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3 New Academic Books on Otaku, Anime, Manga Published

posted on by Mikhail Koulikov
Titles include first-ever English translation of a Japanese study of otaku culture

Three different U.S. academic publishing houses are each releasing a new book on anime, manga, and otaku culture. The three volumes include the first-ever English translation of a Japanese study of anime fans, a collection of essays on the influence of Japanese popular culture on American children and teenagers, and a look at how new readers get introduced to manga and form communities.

The first of these books is Otaku: Japan's Database Animals, a translation of 2001's Dobutsuka suru Posutomodan : Otaku Kara Mita Nihonshakai (Animalizing Postmodernity : Otaku and Postmodern Japanese Society), by the scholar and media critic Hiroki Azuma. The University of Minnesota Press published the book on April 10. The book examines the reasons behind the emergence of otaku and otaku culture in Japan, and links it to the way Japan has developed since its defeat in World War II. Azuma also argues that overall, Japan's otaku simply represent an extreme case of how culture and media is "consumed" throughout the world.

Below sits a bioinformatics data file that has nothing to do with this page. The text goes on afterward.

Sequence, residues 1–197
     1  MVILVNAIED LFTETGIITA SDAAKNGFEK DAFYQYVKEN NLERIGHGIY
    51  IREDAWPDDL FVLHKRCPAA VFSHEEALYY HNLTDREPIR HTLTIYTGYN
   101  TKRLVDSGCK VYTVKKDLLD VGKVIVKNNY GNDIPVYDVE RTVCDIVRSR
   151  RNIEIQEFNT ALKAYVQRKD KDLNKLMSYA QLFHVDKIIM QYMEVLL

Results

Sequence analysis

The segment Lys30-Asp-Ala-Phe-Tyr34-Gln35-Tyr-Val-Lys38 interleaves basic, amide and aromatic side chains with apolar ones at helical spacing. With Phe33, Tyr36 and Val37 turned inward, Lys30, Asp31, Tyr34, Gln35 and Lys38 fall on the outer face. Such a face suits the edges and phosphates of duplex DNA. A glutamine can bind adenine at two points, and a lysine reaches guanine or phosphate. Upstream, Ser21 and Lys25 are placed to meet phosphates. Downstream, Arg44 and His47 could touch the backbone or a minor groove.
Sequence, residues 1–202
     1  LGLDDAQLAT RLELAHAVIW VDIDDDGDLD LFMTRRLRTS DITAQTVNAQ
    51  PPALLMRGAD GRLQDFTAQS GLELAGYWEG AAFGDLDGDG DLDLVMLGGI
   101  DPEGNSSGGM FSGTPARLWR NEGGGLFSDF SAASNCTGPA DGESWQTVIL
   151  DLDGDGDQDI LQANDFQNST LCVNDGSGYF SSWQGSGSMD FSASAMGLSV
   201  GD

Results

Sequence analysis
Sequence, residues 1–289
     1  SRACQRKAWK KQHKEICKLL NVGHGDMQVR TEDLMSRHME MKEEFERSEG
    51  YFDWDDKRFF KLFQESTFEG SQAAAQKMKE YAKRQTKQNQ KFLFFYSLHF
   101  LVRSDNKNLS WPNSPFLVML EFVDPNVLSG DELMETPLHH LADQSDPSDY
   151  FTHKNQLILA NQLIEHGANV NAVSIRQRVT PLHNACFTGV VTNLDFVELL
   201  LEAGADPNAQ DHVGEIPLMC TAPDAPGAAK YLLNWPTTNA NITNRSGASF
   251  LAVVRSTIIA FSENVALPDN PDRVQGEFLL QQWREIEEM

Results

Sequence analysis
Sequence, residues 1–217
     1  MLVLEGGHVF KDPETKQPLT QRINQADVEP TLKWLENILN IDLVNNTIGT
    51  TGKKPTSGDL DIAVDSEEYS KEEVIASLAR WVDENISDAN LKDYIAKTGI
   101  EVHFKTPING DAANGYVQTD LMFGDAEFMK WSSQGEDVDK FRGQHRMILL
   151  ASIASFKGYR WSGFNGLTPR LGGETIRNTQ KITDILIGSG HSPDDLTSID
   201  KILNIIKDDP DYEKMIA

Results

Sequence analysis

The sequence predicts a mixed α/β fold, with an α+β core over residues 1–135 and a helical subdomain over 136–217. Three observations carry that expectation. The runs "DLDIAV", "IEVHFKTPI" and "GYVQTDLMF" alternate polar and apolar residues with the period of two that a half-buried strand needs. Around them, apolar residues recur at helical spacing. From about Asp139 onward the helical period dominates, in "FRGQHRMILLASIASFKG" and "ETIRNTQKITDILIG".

Lexington Books is bringing out Reading Japan Cool: Patterns of Manga Literacy and Discourse. Its authors, John Ingulsrud and Kate Allen, both live in Japan and teach at Tokyo's Meisei University and Meiji University, respectively. This 244-page book covers the different types of manga that are being produced, the medium's history and why it is so different from Western comics, and moves on to a discussion on how audiences both in Japan and in the West actually read and understand manga.

The third book is entitled The Japanification of Children's Popular Culture: From Godzilla to Miyazaki from Scarecrow Press. Mark I. West, a professor of English at the University of North Carolina at Charlotte, compiled this collection of essays; the individual chapters examine topics such as how anime has been censored for American television, the initial reception of the Pokémon television series, and the reasons for the impact that Japanese videogame companies have made on the U.S. market. One of the chapters, which focuses on an important scene from the Cardcaptor Sakura manga, can be previewed online.

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